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More should be done to prevent unlawful or arbitrary killings

The Special Rapporteur on extrajudicial, summary or arbitrary executions, Philip Alston has presented his final reports to the current Human Rights Council meeting in Geneva.  Alston, who has held the mandate for six years, offered a report detailing activities and working methods over that time and identified priority issues for future research.

Philip Alston retires after six years in the mandate ©The Special Rapporteur also produced a further three studies, on accountability for killings by police, election-related killings and targeted killings.

Alston says in terms of real impact, he believes the mandate, provided by the Council has managed through its broad range of activities to have a considerable impact.  This is despite many difficulties, including the refusal of some States to agree to visits and to respond to communications.

“Lives have been saved, lethal practices have been abandoned, greater caution has been shown, and awareness of the issues has grown at all levels,” Alston said. However, he cautioned that more could be done to prevent unlawful or arbitrary killings around the world and he says more effective accountability mechanisms should be put in place when they do occur.

In examining the way the mandate functions, Alston has reviewed the established working methods of the special procedures system and has made detailed recommendations for reform.

One of the principal activities of the Special Rapporteur is to communicate with Governments about alleged cases of unlawful or arbitrary killings.  The response rate to his communications has been poor, Alston says.  Nonetheless he finds them to be very useful in that they raise international awareness of specific incidents and encourage Governmental attention. 

“They create a regular and ongoing system of monitoring State behaviour, generate a record of abuses over time, provide clarity on the circumstances of specific incidents and give States an opportunity to set the record straight,” he says. “The communications can also shed light on the interpretation of applicable law, promote accountability and encourage measures to reduce future killings.”

But it is clear, he says, that there’s a need to consider how to make the procedure more effective, both in engaging States in dialogue and bringing relief in individual cases. 

Another central feature of the work of the special procedures mandate holders is fact-finding missions to various countries.  During his six year term, Alston visited 14 countries with the aim, he says, of understanding and explaining the dynamics of unlawful or arbitrary killings and to propose constructive and specific reforms to reduce killings and eliminate impunity. 

The requests for country visits, however, are often ignored or delayed for years, according to the report.  Information collected by Alston indicates that more than 70 percent of the 52 countries contacted either did not respond at all, or did not approve the request.  Alston says this should be a matter of grave concern to the Council.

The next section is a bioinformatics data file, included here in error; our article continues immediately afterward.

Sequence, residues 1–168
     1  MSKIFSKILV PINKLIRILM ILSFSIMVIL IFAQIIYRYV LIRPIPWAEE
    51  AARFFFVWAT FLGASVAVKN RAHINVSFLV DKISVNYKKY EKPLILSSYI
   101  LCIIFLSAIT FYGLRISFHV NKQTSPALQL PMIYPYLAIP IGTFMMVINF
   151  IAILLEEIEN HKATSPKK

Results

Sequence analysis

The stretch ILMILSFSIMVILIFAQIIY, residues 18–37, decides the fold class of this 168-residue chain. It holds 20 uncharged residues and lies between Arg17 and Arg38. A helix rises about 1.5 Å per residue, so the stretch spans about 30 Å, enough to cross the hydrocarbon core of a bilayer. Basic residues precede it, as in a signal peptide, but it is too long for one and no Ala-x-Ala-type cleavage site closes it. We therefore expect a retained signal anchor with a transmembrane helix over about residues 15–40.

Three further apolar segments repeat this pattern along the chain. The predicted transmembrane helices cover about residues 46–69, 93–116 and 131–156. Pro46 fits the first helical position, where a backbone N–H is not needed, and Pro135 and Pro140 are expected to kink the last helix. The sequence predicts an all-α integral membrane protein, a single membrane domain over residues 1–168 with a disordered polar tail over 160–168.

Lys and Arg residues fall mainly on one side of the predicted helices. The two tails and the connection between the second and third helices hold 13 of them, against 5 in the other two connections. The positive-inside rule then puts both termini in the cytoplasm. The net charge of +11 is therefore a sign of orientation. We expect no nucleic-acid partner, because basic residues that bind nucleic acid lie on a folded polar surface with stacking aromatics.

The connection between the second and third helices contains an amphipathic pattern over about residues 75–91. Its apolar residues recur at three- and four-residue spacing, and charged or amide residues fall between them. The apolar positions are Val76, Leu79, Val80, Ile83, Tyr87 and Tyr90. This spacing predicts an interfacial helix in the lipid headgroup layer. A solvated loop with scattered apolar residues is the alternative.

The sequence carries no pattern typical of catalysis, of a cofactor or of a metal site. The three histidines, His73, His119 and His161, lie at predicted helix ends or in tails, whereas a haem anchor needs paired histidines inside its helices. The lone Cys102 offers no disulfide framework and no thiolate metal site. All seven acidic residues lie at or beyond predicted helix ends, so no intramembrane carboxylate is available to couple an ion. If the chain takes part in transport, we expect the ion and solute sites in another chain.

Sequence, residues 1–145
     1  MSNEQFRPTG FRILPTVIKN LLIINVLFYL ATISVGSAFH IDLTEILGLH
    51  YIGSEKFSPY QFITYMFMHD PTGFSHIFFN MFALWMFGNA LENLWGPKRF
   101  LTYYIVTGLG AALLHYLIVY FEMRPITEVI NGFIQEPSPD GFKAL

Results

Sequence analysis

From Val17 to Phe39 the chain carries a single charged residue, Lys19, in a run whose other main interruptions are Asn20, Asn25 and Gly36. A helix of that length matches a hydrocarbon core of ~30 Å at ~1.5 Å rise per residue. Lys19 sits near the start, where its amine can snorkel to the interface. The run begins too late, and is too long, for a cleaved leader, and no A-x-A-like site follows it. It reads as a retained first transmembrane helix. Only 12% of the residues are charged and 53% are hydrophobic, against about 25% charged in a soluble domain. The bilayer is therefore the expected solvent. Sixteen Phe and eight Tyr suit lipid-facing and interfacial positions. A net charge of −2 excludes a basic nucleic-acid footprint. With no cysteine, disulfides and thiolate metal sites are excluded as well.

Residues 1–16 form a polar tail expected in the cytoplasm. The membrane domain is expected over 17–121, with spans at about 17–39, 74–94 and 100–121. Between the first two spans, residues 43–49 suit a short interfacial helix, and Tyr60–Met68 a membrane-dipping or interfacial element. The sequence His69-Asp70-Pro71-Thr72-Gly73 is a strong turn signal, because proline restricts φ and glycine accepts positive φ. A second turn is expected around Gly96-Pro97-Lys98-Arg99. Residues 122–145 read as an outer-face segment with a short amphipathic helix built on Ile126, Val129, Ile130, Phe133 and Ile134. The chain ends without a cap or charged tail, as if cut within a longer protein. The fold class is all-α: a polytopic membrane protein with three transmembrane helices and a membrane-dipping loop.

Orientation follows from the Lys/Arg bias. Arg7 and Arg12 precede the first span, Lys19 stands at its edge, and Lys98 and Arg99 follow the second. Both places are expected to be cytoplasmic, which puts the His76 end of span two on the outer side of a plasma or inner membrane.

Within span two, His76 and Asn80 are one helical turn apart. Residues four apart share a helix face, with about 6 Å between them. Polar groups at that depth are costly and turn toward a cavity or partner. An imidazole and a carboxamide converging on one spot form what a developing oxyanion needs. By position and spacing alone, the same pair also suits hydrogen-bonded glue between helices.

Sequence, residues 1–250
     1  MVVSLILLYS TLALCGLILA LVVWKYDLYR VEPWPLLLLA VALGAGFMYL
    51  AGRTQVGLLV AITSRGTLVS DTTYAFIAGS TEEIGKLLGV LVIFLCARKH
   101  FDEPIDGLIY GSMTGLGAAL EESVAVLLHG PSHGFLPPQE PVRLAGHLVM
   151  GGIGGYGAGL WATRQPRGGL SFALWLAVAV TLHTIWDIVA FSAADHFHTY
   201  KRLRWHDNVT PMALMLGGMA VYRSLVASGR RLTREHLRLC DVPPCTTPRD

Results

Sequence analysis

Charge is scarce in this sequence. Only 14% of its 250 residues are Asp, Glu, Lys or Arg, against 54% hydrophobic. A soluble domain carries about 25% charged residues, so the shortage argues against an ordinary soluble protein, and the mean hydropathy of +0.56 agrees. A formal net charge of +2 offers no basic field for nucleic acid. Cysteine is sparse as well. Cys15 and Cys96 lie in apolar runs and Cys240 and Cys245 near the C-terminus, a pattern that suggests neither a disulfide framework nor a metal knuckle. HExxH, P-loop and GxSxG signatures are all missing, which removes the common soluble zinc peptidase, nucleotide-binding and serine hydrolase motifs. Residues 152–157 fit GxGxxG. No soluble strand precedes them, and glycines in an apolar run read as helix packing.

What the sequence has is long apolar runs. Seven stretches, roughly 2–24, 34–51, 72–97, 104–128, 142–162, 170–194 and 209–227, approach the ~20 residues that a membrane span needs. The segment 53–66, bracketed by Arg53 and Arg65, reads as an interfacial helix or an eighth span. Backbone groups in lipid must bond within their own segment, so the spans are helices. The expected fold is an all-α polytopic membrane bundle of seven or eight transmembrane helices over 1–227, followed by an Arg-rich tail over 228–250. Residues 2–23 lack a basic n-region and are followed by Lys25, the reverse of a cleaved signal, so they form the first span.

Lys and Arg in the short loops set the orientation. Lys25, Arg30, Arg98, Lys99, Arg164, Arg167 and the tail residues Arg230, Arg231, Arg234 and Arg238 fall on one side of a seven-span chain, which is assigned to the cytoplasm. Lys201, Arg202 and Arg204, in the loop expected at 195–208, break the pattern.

In his most recent reports to the 14th session of the Council, the Special Rapporteur considered election-related violence and killing, “a widespread phenomenon which does not receive sufficient direct attention.”  Alston has recommended that the Human Rights Council ask for an annual report from the High Commissioner documenting such cases and the measures taken in response.

In a second report to the 14th session, Alston examined extrajudicial killings by police.  It is a pervasive problem, he says, and one of its most important causes is impunity.  The Special Rapporteur’s principal recommendation is that countries should consider external police oversight mechanisms to complement the range of other oversight systems which should be in place. 

In his report, Alston emphasizes that international human rights law requires government to provide accountability for unlawful or arbitrary killings and other human rights abuses committed by the police.  Those responsible, he says must be investigated, prosecuted, convicted and punished.

The subject of the third of Alston’s most recent thematic reports is targeted killings.  “They are increasingly used in circumstances which violate the relevant rules of international law.  The international community needs to be more forceful in demanding accountability,” he says.

Over the time he has held the mandate, Alston has examined a wide range of unlawful or arbitrary killings, including by law enforcement officers and other security forces, killings during armed conflict, during counter-terrorism operations, deaths in custody, the death penalty, the issue of impunity and reparations for victims and their families.  Much remains to be done. He recommends that in future  investigations be held into amongst others, sexual violence and unlawful killing, crime scenes and forensic evidence and United Nations peacekeeping and multinational force operations. 

In his brief, final address to the Human Rights Council, the Special Rapporteur paid tribute to the human rights defenders who have helped him in the many countries in which he has worked.  Referring to their “amazing courage and dedication”, Alston noted that, “Many face death on a daily basis in struggling to protect human rights.”

7 July 2010